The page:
Planting Digital Churches in Response to COVID-19

So, tell me… Are you responding to the pandemic or merely reacting to it?

Some who react struggle to survive while other reactors have simply moved the program out of the box and onto smartphones or whatever. Disciplemaking churches, on the other hand, see this as an opportunity to multiply disciples, leaders and groups.

To be clear, I’m horribly prejudiced in the direction of disciplemaking in small groups as the chief organizing principle for a church. In my mind, programs exist because of needs in the body. They do not serve as the primary structural setup for a healthy church. I see what we call church as a weekend convention of small congregations operating under “lay” leadership.

Church is a disciplemaking continuum starting with whatever you call your senior leaders working its way into concentric circles of disciplemaking clusters. One natural fruit of this is the multiplication of autonomous, or at least semi-autonomous churches.

Planting DigiChurches

All of which brings me to my friends at Mission Church in Omaha and their efforts to plant churches digitally—they call them DigiChurches.

For them, the pandemic is an Acts 8:1 moment when the church becomes unfettered by its comfortable traditions and practices. Long ago Acts 8:1 made Acts 1:8 possible much like the tragedy of this virus is helping some churches get out of the box and into new communities and tight relationships.

They began with a pre-COVID goal of saturation church plants in every inner city in the United States (there are nearly 400 such communities, each hosting scores of neighborhoods). Such a goal can be overwhelming or at least stretch over several generations much like the construction of European cathedrals. Their pastor Myron Pierce owns a burgeoning social media marketing company. Coupling his digital understanding with hands-on disciplemaking set the church up to respond to the pandemic by organizing churches in other cities—even across oceans.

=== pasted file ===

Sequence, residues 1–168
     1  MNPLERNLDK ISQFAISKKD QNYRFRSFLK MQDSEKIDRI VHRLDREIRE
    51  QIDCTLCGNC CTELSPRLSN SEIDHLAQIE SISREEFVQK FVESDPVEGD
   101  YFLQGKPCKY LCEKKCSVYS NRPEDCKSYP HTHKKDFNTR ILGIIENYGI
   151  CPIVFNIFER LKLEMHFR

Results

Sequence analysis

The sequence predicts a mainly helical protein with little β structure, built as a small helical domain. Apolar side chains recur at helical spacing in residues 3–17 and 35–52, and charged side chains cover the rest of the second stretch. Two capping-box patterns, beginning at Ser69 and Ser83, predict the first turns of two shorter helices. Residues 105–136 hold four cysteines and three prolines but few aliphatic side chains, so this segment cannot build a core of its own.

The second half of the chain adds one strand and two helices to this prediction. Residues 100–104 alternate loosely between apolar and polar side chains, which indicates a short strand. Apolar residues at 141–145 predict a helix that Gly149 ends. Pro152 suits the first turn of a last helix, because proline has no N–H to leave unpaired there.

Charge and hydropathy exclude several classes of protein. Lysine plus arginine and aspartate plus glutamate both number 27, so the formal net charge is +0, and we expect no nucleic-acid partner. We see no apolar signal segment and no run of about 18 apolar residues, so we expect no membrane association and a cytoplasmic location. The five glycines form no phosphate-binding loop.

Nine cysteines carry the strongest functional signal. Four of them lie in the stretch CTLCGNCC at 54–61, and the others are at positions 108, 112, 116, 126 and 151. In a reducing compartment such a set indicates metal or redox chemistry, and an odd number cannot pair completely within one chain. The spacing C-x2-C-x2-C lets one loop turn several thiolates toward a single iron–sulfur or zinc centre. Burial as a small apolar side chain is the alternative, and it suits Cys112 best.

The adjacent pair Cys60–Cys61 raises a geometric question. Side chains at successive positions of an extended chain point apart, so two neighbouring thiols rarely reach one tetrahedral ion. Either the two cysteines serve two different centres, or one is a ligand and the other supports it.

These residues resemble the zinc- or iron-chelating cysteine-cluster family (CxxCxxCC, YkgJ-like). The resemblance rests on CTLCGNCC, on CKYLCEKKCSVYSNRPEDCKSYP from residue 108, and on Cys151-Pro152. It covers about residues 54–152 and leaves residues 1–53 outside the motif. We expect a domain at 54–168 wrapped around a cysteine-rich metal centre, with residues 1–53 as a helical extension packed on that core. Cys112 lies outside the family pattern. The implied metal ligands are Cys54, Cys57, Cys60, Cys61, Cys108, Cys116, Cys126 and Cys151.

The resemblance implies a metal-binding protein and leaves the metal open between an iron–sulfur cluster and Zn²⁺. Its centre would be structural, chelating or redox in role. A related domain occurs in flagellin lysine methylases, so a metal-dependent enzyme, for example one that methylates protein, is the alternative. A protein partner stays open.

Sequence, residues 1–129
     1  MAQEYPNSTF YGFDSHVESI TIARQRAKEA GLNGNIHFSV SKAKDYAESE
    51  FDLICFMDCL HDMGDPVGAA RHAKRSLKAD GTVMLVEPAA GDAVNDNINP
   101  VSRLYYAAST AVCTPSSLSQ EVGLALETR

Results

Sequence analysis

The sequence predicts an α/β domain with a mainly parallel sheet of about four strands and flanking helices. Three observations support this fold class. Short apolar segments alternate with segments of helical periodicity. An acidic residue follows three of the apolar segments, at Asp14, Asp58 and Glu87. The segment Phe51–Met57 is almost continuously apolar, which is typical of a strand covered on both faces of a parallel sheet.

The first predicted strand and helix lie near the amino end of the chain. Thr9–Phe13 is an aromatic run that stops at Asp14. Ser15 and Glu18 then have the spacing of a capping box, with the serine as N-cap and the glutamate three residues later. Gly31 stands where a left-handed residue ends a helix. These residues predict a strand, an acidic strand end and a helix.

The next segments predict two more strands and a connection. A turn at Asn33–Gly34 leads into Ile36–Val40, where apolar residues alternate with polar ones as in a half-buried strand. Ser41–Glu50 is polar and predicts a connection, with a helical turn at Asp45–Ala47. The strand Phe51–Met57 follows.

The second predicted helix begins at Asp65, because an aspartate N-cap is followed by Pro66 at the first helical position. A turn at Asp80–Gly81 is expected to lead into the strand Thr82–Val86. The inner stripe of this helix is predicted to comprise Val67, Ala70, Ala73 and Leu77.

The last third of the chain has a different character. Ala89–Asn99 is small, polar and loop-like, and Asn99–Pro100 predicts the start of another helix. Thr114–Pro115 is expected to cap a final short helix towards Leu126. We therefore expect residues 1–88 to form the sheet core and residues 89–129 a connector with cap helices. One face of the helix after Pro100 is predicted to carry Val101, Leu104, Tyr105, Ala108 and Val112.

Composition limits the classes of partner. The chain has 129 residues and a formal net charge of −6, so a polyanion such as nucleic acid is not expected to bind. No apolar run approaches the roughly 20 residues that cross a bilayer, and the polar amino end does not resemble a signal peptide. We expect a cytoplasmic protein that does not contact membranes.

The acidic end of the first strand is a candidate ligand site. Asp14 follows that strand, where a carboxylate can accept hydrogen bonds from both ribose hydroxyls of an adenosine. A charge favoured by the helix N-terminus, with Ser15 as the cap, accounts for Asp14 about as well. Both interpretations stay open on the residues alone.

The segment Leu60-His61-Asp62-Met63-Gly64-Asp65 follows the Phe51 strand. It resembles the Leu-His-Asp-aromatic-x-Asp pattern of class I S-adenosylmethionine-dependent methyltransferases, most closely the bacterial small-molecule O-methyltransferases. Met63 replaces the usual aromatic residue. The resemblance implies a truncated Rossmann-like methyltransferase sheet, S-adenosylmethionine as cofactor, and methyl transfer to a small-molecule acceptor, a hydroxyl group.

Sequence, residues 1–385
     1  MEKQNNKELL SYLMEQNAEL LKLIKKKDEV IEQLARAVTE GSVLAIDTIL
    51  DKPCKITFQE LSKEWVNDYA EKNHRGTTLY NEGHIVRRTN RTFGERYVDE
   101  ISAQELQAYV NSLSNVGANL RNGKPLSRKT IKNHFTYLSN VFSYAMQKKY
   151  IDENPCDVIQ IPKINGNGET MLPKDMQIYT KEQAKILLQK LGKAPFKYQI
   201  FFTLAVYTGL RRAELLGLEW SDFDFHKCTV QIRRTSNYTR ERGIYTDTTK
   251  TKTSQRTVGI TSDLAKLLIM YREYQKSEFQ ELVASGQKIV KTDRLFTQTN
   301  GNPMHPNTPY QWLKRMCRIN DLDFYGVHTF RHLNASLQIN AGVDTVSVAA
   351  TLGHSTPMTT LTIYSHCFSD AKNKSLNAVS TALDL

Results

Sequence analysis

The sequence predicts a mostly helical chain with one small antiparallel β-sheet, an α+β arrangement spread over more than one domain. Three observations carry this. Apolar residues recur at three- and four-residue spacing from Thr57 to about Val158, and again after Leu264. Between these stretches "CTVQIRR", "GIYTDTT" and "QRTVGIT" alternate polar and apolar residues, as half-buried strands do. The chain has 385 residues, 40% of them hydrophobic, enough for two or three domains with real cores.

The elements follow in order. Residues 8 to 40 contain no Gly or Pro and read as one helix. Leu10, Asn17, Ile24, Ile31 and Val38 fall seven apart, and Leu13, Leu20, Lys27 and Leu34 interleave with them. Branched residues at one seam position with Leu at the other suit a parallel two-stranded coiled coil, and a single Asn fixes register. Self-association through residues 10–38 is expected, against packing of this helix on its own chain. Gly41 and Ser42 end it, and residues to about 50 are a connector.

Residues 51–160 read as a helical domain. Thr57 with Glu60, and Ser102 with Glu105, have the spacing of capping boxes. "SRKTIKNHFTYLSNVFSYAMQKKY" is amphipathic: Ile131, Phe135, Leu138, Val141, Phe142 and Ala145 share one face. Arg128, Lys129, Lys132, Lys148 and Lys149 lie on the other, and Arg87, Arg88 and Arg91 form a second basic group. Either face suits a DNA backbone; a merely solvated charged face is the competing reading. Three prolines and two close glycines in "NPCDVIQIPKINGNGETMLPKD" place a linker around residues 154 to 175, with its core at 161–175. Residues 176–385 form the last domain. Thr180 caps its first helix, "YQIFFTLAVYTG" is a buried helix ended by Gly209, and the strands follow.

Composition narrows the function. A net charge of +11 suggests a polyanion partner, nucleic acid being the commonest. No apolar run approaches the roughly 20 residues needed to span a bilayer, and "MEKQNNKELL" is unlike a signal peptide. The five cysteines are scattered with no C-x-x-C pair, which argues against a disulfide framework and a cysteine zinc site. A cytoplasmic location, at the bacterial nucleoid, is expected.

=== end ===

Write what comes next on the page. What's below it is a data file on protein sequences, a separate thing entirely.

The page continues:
The church gathers people in a location where they have someone on the ground to lead both during and after the crisis—both online and in homes and other buildings. They’ve planted from Omaha in St. Louis, Kansas City, Chicago, New Jersey, Brixton (London) England, Harare Zimbabwe and Kampala Uganda.

It’s Pretty Simple

The method is simple. They use highly targeted Facebook ads to draw people together around the four services in the mother church each weekend. The ads pinpoint a location, even a specific neighborhood. Then they assign a leader in Omaha or in the city they target to pastor the people digitally while organizing them into small Zoom groups. Longer term this person will gather the digital crowd for face-to-face meetings of what we traditionally see as church.

The church in Zimbabwe is led by a clinical counselor from that country living in the U.S. He’s able to speak the local language and will eventually replace himself with someone actually living in Harare. The first week in Harare they gathered just over 450 people. Those numbers have held so far. Organizing these people into groups via social media is a challenge from far away.

Even Humorous…

The story actually gets better. You’ll enjoy hearing about Myron getting lost in Brixton, England at the end of a train line in the middle of the night and then using Uber to catch up to the seminar where he was to meet me, a hundred miles away. But it was at that seminar that he met a man living in Brixton. The plot thickened nearly a year later when his morning prayers were interrupted… Myron called me a couple of weeks ago, “What was the name of that place where I got lost? Jesus told me to plant a church in that city. And I’ve got a guy who lives in London that can lead it—I just can’t remember the name of the town.” Mix getting lost, spending a fortune on Uber and a response to a pandemic and out pops a fledgling online gathering of nearly 200 people. God does work in mysterious ways. BTW, did I mention that this is a small church without a lot of money? They’re putting roughly $100 into Facebook ads to launch each of these DigiChurches.

You can hear the whole story in much detail and catch the humor by CLICKING HERE to join Myron in the podcast. Remember that adding comments and sharing links is an act of love, so please do.